AUTHORITARIANISM….Since 1992, the National Election Study has asked respondents four questions that collectively make up an “authoritarian index.” The four questions ask you to specify which of two attributes you value more in children:
Independence vs respect for elders
Self-reliance vs. obedience
Curiosity vs. good manners
Being considerate vs. being well behaved
The first item in each pair marks you as less authoritarian and the second item marks you as more authoritarian. After you’ve answered all four, the scores are added up and normalized on a scale from 0 to 1, with 1 being the most authoritarian.
It will come as no surprise that authoritarians tend to vote Republican. What may surprise you, though, is that this has only become true in recent years. Over at the Democratic Strategist, Jonathan Weiler and Marc Hetherington tell the tale:
In 1992, authoritarianism barely had an effect on partisanship. Other things being equal, authoritarians tended to score about 7 percentage points toward the Republican end of the seven-point partisanship scale. By 2004, however, that 7 percentage point difference between authoritarians and non-authoritarians had ballooned to more than 20 percentage points.
….Authoritarianism’s effect in 2004 was also strong relative to other variables. Its effect was substantially smaller than that of income in 1992. By 2004, its effect was twice that of income. In 1992, its effect was less than one-fifth as strong as the effect of government spending preferences. By 2004, the effects were much closer. It is not that the traditional left-right dimension in American politics is unimportant. What has changed is how relevant authoritarianism has become.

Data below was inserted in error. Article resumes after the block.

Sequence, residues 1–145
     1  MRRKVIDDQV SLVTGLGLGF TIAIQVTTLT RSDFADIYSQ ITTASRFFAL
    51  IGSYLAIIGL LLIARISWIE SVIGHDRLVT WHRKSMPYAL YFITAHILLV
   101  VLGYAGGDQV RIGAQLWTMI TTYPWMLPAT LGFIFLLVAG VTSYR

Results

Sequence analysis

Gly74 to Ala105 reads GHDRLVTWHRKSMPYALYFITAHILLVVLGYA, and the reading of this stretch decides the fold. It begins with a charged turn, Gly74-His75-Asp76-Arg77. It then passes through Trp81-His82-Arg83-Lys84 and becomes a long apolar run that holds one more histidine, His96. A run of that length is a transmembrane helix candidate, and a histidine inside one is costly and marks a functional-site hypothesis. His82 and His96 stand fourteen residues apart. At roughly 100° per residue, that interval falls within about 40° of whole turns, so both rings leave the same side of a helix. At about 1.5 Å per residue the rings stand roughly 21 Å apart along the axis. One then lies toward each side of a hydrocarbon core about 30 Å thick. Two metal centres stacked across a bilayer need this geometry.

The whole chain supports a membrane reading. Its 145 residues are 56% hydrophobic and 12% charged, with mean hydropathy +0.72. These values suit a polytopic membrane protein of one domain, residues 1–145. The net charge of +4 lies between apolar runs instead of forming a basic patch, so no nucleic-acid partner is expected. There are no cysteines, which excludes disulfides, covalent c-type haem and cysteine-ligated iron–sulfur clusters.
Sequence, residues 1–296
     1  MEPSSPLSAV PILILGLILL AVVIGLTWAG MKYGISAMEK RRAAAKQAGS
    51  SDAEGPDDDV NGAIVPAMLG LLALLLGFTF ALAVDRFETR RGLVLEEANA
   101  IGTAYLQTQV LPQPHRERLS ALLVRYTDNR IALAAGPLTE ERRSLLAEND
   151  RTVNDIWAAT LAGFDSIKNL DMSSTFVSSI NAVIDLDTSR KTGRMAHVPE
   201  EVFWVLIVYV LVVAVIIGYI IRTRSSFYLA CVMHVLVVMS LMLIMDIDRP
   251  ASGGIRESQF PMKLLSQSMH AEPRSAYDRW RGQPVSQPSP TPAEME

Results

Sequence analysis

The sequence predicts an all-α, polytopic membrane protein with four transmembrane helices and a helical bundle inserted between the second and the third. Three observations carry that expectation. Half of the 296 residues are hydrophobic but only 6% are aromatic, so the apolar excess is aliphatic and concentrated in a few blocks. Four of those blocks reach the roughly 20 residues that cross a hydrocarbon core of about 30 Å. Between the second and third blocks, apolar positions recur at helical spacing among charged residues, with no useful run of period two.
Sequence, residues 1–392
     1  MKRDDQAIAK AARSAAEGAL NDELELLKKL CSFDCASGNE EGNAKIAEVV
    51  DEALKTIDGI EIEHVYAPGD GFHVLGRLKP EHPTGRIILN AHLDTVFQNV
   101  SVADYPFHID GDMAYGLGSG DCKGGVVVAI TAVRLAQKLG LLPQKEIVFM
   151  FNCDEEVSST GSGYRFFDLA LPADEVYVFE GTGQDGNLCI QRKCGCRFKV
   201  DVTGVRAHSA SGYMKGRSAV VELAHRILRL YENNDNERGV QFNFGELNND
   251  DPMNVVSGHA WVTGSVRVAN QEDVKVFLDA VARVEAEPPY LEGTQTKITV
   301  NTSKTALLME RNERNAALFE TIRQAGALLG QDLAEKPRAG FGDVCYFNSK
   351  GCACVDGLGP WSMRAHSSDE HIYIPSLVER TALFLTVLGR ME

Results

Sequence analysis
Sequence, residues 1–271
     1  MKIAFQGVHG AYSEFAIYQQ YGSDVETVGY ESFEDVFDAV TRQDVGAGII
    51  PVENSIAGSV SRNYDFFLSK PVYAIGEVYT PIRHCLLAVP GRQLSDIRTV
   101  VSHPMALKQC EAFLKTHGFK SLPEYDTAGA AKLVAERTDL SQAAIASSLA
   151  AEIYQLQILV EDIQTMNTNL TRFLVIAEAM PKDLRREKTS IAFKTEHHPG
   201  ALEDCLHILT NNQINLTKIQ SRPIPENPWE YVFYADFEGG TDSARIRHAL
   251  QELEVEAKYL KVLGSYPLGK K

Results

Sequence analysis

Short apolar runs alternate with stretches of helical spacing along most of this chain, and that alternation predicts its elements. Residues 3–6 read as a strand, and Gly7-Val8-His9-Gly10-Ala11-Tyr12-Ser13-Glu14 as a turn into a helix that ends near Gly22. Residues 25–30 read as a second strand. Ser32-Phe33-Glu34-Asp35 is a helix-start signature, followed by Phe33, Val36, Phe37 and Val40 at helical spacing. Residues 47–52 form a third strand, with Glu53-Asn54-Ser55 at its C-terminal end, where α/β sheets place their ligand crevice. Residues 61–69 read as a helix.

Weiler and Hetherington also report another interesting trend: in the past, strong authoritarians were alienated individuals who tended not to vote. Today’s Republican Party, however, has succeeded in mobilizing them in greater numbers. You can read the article to get the stats, but the bottom line is this:
Appeals to authoritarian issues are mobilizing non-voters into the Republican camp, making non-voters and Republican voters nearly indistinguishable in their authoritarianism. This formerly disaffected group has found a political home.
….Republicans always benefit from increasing public fears, whether about gays, terrorism, illegal immigration, or anything that activates authoritarianism. It makes people who only have a little authoritarianism share the preferences of those who have a lot. The political implications of this fact for Republican fortunes are clear.
It makes people who only have a little authoritarianism share the preferences of those who have a lot. Appeals to fear move even moderates toward the authoritarian end of the scale. Fear is the conservative’s friend, never the liberal’s.